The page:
By afternoon that day, major measures were off 2% and traders were in a growing state of unease. The Wall Street Journal’s Scott Patterson writing reflectively in June 2012, interviewed Dave Cummings, founder of seminal high-frequency firm TradeBot. Heavy volume was scrambling trading systems, Patterson wrote, leading to disparities in prices quoted on various exchanges. The decline became so sharp, Cummings told Patterson, that he worried it wasn’t going to right itself. If the data was bad, TradeBot would be spreading contagion like a virus.

Ah, but wait. Regulators now say mass global algorithmic pandemonium May 6, 2010 was just reaction to layered stock-futures spoofing out of Hounslow, a London borough featuring Osterly Park, Kew Bridge and a big Sikh community. If you think the Commodity Futures Trading Commission’s revelry over finding the cause of the Flash Crash just north of the Thames and west of Wimbledon stretches the bounds of credulity, you should.

Mr. Sarao is accused of plying “dynamic layering” in e-mini S&P 500 futures, a derivatives contract traded electronically representing a percentage of a standard futures contract. It’s called an ideal beginner’s derivative because it’s highly liquid, trades around the clock at the Chicago Mercantile Exchange, and offers attractive economics. (more…)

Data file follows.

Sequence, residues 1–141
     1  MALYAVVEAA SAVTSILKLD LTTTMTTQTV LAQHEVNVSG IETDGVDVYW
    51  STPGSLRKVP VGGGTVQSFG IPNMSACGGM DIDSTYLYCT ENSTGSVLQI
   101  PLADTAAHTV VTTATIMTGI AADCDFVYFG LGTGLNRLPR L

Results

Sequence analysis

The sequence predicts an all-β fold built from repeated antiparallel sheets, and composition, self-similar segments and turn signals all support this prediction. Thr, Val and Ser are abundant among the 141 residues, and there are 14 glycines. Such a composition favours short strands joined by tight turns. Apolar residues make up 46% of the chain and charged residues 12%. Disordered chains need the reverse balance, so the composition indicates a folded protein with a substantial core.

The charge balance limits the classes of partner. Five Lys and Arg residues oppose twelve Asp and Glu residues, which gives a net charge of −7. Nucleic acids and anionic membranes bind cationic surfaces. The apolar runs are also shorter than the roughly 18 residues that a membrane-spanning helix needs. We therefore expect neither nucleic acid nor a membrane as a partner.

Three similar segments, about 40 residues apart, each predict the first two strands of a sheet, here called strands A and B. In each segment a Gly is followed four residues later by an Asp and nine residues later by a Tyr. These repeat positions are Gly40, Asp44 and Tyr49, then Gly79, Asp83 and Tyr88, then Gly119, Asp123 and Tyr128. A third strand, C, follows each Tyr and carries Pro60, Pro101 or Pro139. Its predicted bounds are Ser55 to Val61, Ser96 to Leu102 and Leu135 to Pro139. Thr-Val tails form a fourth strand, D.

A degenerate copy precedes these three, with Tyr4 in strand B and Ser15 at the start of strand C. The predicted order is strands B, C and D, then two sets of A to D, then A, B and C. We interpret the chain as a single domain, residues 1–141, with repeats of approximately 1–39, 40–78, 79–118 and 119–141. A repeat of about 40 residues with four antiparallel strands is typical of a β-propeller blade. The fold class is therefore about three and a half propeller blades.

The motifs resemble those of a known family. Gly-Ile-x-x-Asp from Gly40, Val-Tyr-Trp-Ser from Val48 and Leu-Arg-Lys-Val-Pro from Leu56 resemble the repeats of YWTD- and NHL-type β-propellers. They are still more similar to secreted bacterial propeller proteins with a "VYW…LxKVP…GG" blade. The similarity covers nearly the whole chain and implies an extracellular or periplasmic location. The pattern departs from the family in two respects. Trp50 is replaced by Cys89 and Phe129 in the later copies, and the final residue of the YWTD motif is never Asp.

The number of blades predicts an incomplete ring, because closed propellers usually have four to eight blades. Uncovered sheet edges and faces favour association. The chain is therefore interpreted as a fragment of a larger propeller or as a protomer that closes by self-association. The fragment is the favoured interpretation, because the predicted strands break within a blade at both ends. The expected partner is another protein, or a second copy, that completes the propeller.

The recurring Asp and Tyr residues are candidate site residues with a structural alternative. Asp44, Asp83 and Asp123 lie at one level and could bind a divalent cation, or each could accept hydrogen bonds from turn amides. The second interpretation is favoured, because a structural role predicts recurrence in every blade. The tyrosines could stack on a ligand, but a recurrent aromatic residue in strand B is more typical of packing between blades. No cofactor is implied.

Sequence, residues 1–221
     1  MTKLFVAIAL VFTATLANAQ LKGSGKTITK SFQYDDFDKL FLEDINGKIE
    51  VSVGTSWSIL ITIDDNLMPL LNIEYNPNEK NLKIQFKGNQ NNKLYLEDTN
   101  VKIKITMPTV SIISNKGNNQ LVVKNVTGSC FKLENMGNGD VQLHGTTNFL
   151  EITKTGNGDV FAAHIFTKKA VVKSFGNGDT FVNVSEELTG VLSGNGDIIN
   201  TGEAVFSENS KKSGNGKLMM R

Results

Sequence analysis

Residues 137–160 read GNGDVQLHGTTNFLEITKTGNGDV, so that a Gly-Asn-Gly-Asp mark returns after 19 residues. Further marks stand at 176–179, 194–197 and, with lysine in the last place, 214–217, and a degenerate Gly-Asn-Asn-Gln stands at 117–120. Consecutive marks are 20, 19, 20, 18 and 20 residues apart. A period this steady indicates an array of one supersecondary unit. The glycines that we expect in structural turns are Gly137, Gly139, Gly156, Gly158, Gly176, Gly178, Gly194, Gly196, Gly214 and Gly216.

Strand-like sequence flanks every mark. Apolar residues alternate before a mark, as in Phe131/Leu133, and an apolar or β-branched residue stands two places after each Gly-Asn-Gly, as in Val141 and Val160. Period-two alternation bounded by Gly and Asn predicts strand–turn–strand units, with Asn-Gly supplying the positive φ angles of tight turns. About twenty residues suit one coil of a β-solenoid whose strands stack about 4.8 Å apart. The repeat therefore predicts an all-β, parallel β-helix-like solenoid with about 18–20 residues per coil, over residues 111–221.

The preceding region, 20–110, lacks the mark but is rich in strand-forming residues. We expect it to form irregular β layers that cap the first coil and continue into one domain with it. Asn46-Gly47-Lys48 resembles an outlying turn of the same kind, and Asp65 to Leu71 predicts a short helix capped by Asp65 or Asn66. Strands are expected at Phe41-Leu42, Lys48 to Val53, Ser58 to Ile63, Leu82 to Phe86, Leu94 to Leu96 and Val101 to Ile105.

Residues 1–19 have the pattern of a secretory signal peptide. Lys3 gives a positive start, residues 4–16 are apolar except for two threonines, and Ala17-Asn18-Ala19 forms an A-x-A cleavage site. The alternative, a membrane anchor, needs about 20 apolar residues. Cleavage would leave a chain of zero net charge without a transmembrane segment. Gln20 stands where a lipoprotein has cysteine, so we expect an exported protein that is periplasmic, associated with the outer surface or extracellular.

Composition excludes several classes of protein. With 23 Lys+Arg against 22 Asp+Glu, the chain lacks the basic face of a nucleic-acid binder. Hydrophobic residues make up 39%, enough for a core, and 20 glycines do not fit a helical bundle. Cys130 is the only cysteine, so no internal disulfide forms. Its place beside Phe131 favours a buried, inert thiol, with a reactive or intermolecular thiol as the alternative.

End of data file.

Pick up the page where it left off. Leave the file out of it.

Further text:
Compensation Model

What do you get paid to do?

That’s the question the SEC may soon pose to high-frequency traders, according to a story from Bloomberg yesterday.

“The maker-taker compensation model is very much in the core of what our market structure review folks are looking at,” said SEC Chair Mary Jo White.

If you’re the CFO or investor-relations officer for a public company, you should want an answer too. Because there’s belief silence from public companies about market structure indicates agreement.

Suppose I said, “In one minute, describe your business, its key drivers and how you differentiate yourself for investors.”  I bet most of you could.

What if I asked, “How do your shares trade and where, who trades them, and how are they priced?”

“I don’t even know what ‘maker-taker’ means,” you might mumble.

It’s convention in IR to ignore the stock but that ethos has led a generation of investor-relations professionals to think they don’t need to know how the stock market functions.

“I don’t want my executives watching the stock,” you say.  “If we run a good business, the rest will take care of itself.”

The largest institutional investors in the US equity market, Blackrock and Vanguard, are asset allocators. They’re not Benjamin Graham, the intelligent investor. They track benchmarks because that’s what they’re paid to do.